Cloud Computing

Azure Launches FS_v2-Series Virtual Machines

Microsoft has launched a new version of the F-Series virtual machines aimed at providing Xeon performance for application servers in Azure.


The F-Series Virtual Machine

The first version of the F-Series was a kind of rebirth for Azure virtual machines; the F-Series introduced a new naming standard that gave us meaning to the names of each machine. The F4 name indicated that the machine had 4 virtual processors and it wasn’t just the 4th size on a list.

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The name, F-Series, also indicated what this machine was; it had good horsepower and was a jack-of-all-trades, just like a certain pickup truck. Here’s how I explained the F-Series to customers:

  • When the A-Series wasn’t enough, you’d consider either the D-Series or the F-Series.
  • The D-Series focused on database workloads adding more memory than processors, such as the D2_v2 with 2 cores and 7GB of RAM. The F-Series focused on application workloads with a more equal processor/RAM balance, such as the F2 with 2 virtual processors and 4GB RAM.

The F-Series was the sibling of the D_v2-Series virtual machine; both ran on the same host hardware based on the 2.4GHz Intel Xeon® E5-2673 v3 (Haswell) processor. Interestingly, this has been in great demand and in short supply in some Azure regions.


The close relationship between the F-Series and the D-Series began to split with the release of the D_v3 virtual machines. The D_v3 was the first of the D-Series to stop chasing processor GHz. Microsoft aimed the D-Series at disk/database-focused workloads (“D is for disk or database”). In my experience, services such as SQL Server never complained about processor utilization; instead, they complained about a lack of cores (processor queue length). The solution to that was to add as many threads as possible.

Microsoft tackled this actual performance problem by running the D_v3 virtual machine on a host with Intel Hyperthreading enabled. Therefore, a virtual processor was not a full core but was one of two threads on the core. Combined with a higher-spec processor, this introduction of Hyperthreading reduced CPU performance by 28 percent (which doesn’t really affect database/disk workloads). To counter that, Microsoft reduced the cost of the D_v3 by 28 percent (versus the D_v2) and this meant that customers got more threads of execution for a lower cost.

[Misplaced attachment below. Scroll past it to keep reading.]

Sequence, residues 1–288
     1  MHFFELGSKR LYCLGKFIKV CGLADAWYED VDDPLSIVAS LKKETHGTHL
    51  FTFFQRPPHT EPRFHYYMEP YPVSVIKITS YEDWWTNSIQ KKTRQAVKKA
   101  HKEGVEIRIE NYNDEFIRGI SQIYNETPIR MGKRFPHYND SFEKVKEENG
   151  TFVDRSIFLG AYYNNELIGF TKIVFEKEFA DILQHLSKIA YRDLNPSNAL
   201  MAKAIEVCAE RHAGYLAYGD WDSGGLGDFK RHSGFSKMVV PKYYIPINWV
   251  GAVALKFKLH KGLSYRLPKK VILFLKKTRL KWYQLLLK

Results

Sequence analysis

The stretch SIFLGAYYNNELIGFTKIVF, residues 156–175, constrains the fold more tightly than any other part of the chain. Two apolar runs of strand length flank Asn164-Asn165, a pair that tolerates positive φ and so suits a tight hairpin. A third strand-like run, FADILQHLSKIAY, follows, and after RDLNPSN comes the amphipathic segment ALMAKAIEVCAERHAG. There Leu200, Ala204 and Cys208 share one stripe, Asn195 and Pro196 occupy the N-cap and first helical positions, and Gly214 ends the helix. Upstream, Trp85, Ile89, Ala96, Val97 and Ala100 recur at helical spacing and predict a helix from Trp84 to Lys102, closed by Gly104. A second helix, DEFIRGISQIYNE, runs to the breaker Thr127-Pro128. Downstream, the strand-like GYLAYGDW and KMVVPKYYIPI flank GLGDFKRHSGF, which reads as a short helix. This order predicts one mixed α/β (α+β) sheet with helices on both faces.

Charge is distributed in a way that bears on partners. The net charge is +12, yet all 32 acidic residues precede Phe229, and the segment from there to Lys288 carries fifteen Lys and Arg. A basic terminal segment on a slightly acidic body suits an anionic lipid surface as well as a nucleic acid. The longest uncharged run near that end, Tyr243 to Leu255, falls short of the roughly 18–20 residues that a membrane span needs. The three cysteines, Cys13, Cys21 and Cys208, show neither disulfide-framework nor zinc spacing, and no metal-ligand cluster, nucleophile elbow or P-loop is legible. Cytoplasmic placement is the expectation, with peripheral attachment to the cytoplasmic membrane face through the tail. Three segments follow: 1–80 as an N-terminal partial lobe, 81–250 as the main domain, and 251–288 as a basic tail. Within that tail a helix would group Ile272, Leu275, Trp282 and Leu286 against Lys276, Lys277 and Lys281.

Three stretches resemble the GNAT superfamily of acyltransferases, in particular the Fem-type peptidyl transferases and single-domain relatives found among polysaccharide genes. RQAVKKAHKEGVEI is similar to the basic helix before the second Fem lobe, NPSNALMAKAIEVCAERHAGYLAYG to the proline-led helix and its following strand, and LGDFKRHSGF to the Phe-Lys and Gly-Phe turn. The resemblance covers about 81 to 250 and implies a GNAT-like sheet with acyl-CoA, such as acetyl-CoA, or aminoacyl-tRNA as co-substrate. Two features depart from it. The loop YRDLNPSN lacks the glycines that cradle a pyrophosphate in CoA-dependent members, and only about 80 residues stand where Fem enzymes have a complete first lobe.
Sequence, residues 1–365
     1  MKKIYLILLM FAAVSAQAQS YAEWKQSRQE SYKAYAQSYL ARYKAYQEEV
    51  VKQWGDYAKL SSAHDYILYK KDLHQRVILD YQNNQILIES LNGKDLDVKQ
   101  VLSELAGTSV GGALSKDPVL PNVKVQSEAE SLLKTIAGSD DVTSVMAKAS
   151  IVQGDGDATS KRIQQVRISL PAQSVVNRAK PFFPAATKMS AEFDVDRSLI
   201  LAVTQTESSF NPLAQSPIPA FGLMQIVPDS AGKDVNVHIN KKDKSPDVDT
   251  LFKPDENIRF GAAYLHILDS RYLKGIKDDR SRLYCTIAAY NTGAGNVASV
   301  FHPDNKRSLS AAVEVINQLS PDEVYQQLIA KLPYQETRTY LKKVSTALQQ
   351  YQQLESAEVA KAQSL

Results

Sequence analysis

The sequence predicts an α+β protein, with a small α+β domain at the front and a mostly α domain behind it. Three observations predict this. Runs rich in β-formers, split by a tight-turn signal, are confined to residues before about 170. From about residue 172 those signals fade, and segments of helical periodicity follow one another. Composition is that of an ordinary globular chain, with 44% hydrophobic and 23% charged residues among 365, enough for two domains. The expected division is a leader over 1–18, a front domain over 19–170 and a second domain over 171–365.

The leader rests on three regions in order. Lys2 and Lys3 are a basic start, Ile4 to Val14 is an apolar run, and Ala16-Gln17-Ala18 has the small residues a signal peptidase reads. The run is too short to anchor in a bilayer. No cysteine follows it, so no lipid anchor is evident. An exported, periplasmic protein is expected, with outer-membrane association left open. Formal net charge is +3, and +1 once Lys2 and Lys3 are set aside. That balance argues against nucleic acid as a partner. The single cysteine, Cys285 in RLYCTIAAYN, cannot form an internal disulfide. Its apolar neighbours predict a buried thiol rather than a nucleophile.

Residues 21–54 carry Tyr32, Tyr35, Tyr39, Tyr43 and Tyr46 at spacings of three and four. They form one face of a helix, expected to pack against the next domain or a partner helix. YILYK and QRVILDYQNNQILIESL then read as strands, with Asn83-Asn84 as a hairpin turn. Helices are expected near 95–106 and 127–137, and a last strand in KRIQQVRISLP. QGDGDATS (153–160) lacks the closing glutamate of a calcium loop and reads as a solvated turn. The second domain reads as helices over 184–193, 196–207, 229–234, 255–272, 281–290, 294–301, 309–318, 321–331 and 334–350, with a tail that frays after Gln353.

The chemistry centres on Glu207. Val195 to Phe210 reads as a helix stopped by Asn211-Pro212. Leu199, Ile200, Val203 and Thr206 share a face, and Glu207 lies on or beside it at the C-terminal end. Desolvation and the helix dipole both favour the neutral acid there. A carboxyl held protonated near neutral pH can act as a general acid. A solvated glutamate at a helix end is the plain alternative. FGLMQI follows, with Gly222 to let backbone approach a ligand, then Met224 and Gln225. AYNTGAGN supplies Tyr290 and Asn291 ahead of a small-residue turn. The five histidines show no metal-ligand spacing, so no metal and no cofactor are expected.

And this is where the D_v3 and the F-Series began to go down different routes.

The FS_v2-Series

The F-Series has always been about affordable horsepower, so if you want some muscle in your machines, then this is a possible route to take. The exception is if you need one of the huge (H- or M-Series) or specialized (N-Series) machines. A new generation of the F-Series, the FS_v2-Series, has been launched by Microsoft.

The range of Azure FS_v2-Series virtual machines [Image Credit: Microsoft]
The Range of Azure FS_v2-Series Virtual Machines [Image Credit: Microsoft]

Microsoft claims that the FS_v2-Series is the best value in price-performance in the Azure portfolio. A step up from the A_v2-Series, these machines are based on the Intel Xeon Platinum 8168 processor. This CPU has a base speed of 2.7GHz with a maximum speed of 3.7GHz. Microsoft also says:

AVX-512 instructions, which are new on Intel Scalable Processors, will provide up to a 2X performance boost to vector processing workloads on both single and double precision floating point operations.

In other words, these processors are very fast.

Did you notice that I haven’t mentioned the phrase “F_v2-Series” at all in this post? There are no F_v2 virtual machines. This is because:

  • There is no cost difference between an “S” (Premium Storage or SSD-capable machine) and the non-“S” variant.
  • The “S” versions can run on Standard Storage (HDD) if you want to.
  • By deploying an “S” version of a series, you have to easy ability to move between Standard and Premium Storage.

So, why would you ever deploy a D_v3 when the DS_v3 is the same cost and is more flexible? I think Microsoft has realized this too, so we only have the FS_v2 now. Keep in mind that you can still deploy it on Standard Storage and it wouldn’t be any cheaper to deploy the non-existent F_v2.



The FS_v2 was originally launched in just West US2, West Europe, and East US. However, since then it has spread out to other locations. For example, I just stumbled upon the B-, NC-, NV, DV_v3, and F_v2-Series all running in Dublin/North Europe, none of which were previously available. Note that the official listing of service availability was not up to date at the time of writing this article.

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Aidan Finn, Microsoft Most Valuable Professional (MVP), has been working in IT since 1996. He has worked as a consultant and administrator for the likes of Innofactor Norway, Amdahl DMR, Fujitsu, Barclays and Hypo Real Estate Bank International where he dealt with large and complex IT infrastructures and MicroWarehouse Ltd. where he worked with Microsoft partners in the small/medium business space.
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